The Lorraine Hansberry Theatre Black Nativity Choir was off the hook with accompaniment by Kenneth Little. However, Ms. Faye Carol’s “Black and Blue” showstopper, a la Ruth Brown, “If I Can’t Sell It (I’m Going to Sit on It),” changed the energy as did her closing gospel piece about heaven. Accompanied by a really tight rhythm section with Glen Pearson on piano, Marcus Shelby on bass and Howard Wiley –yes, Howard was on drums and he was good, had his own sticks and everything.

While Ms. Carol sang, the visuals were of her draped in saintly robes in her role in Black Nativity, a fun juxtaposition when singing about “sitting down on it.” The stills capturing the 30-year legacy Quentin and Stanley started were a treat.

It was Carol’s set and another later on with Michelle Jordan (“Crowns”) which had a tangible effect on the room. Jordan explained how it had been a month since she’d agreed to perform a song for Quentin and, life being what it is, got busy, forgot, so she called on spirit, which filled the room and, with a nod to Glenn on piano to give her a note, led us in an improvisational piece created on the spot about Quentin.

I don’t know why it happened like it did, but having these women singers grace the stage, one diva after another, was just so wonderful. Stanley, seated behind me, was laughing and clapping with joy.

Denise Perrier spoke of her role as Bessie Smith in August Wilson’s “Ma Rainey’s Black Bottom.” “I hadn’t acted since high school,” she laughed. I remember LHT’s “Ma Rainey,” my favorite Wilson play at that time. Now “Ma Rainey” has been joined by “Gem of the Ocean.”

Paula West also performed “Waters of March,” Portuguese: “Águas de Março.” A Brazilian song composed by Antonio Carlos Jobim closed her short set. If you recall, it’s a list song: a stick, a stone … Jobim himself re-wrote these lyrics for the English version. It’s a whole new poem:

Waters of March

A stick, a stone,
It’s the end of the road,
It’s the rest of a stump,
It’s a little alone
It’s a sliver of glass,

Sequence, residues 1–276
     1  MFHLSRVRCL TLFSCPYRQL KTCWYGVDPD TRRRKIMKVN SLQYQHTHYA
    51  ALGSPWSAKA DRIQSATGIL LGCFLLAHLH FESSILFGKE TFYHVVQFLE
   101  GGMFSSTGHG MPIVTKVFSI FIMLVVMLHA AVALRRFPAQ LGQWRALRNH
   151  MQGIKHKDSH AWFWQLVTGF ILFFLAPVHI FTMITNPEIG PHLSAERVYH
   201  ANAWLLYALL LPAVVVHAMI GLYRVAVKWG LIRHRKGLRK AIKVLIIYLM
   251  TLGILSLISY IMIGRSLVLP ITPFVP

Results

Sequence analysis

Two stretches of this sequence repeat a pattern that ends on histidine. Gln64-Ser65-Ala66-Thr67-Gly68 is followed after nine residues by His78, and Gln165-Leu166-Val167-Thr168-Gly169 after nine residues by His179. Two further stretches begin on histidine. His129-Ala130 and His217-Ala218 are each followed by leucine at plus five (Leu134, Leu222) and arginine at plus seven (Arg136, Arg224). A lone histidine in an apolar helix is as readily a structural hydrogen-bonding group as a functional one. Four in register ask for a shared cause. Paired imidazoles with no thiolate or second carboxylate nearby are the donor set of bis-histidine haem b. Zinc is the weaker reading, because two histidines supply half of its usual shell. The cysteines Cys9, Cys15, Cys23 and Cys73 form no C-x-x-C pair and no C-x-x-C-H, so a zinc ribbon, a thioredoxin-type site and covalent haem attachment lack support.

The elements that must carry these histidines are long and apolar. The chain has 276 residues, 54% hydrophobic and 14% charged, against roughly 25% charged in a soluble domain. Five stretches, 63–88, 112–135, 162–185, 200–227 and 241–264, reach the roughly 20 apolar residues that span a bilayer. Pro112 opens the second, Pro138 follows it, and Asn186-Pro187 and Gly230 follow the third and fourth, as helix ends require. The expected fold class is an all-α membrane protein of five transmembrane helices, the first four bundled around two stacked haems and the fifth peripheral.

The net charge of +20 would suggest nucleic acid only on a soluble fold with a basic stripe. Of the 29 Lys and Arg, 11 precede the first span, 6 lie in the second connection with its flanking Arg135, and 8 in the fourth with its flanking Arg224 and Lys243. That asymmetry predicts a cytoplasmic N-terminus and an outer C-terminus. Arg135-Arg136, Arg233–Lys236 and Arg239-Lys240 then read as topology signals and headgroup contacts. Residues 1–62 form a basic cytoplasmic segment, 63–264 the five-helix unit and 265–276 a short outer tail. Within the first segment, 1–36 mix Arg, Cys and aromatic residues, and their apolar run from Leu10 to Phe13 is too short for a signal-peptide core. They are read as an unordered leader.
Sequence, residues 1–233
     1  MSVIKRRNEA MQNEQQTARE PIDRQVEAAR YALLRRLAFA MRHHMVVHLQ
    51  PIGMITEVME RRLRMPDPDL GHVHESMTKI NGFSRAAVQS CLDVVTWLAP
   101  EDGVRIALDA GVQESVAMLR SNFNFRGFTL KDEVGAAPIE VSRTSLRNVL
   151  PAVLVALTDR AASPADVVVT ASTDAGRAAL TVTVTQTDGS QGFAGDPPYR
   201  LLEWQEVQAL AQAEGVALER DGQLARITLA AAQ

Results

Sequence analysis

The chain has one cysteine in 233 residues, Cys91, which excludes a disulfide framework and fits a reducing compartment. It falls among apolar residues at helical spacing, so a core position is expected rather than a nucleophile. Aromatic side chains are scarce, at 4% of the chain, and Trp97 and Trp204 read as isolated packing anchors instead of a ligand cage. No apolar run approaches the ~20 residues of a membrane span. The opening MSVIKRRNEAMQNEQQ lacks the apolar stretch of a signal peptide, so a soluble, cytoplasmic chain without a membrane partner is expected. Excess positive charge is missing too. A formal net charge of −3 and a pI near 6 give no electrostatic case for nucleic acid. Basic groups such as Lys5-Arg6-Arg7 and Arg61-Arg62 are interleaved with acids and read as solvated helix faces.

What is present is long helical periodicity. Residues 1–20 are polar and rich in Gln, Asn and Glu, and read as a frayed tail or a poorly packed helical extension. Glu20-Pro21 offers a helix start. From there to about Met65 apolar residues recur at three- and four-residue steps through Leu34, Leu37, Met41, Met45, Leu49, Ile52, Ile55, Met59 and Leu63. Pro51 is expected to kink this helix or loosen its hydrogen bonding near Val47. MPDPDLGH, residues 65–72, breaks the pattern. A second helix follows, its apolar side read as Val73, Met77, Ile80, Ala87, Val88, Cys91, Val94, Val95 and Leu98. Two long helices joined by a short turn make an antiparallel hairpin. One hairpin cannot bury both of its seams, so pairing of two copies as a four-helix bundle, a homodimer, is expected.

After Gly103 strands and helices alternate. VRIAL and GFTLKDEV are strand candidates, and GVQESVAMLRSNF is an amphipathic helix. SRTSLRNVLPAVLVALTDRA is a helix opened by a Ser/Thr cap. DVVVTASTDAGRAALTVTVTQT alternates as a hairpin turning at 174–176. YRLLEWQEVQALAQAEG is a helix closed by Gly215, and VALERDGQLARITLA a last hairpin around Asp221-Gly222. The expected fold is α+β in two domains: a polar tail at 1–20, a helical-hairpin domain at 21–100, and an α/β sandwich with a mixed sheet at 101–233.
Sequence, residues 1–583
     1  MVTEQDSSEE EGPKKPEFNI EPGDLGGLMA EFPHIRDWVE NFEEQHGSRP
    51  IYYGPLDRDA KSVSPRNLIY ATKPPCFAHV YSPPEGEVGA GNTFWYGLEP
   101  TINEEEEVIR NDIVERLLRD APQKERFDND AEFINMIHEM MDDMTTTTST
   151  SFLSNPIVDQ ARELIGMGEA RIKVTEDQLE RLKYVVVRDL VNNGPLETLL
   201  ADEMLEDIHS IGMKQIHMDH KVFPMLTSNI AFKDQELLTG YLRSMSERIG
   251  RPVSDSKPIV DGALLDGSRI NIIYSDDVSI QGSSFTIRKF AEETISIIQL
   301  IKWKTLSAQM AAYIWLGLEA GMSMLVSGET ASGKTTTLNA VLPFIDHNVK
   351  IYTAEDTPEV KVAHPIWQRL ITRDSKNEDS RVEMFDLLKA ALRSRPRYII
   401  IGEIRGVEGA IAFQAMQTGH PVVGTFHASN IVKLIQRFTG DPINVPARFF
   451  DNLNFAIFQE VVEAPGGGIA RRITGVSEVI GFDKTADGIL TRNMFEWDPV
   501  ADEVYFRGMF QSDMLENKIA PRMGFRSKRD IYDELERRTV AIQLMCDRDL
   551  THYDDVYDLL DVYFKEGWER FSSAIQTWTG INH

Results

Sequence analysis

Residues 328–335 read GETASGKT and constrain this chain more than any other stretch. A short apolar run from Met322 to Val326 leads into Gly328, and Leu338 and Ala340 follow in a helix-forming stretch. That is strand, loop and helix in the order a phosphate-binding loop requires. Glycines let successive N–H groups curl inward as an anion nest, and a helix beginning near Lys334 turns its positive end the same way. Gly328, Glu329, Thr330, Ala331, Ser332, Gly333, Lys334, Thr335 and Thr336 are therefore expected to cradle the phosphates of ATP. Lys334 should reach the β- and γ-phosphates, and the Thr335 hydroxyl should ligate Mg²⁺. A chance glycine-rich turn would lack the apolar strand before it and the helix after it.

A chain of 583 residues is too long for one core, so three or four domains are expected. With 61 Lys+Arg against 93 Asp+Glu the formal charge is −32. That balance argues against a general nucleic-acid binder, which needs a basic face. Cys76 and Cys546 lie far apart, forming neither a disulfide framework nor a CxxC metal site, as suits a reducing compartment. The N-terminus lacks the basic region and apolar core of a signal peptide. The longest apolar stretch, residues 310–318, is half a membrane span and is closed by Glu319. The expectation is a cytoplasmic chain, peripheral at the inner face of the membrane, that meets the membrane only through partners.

It is life, it’s the sun,
It is night, it is death,
It’s a trap, it’s a gun
The oak when it blooms,
A fox in the brush,
A knot in the wood,
The song of a thrush
The wood of the wind,
A cliff, a fall,
A scratch, a lump,
It is nothing at all
It’s the wind blowing free,
It’s the end of the slope,
It’s a beam, it’s a void,
It’s a hunch, it’s a hope
And the river bank talks
of the waters of March,
It’s the end of the strain,
The joy in your heart
The foot, the ground,
The flesh and the bone,
The beat of the road,
A slingshot’s stone
A fish, a flash,
A silvery glow,
A fight, a bet,
The range of a bow
The bed of the well,
The end of the line,
The dismay in the face,
It’s a loss, it’s a find
A spear, a spike,
A point, a nail,
A drip, a drop,
The end of the tale
A truckload of bricks
in the soft morning light,
The shot of a gun
in the dead of the night
A mile, a must,
A thrust, a bump,
It’s a girl, it’s a rhyme,
It’s a cold, it’s the mumps
The plan of the house,
The body in bed,
And the car that got stuck,
It’s the mud, it’s the mud
Afloat, adrift,
A flight, a wing,
A hawk, a quail,
The promise of spring
And the riverbank talks
of the waters of March,
It’s the promise of life
It’s the joy in your heart
A stick, a stone,
It’s the end of the road
It’s the rest of a stump,
It’s a little alone
A snake, a stick,
It is John, it is Joe,
It’s a thorn in your hand
and a cut in your toe
A point, a grain,
A bee, a bite,
A blink, a buzzard,
A sudden stroke of night
A pin, a needle,
A sting, a pain,
A snail, a riddle,
A wasp, a stain
A pass in the mountains,
A horse and a mule,
In the distance the shelves
rode three shadows of blue
And the riverbank talks
of the waters of March,
It’s the promise of life
in your heart, in your heart
A stick, a stone,
The end of the road,
The rest of a stump,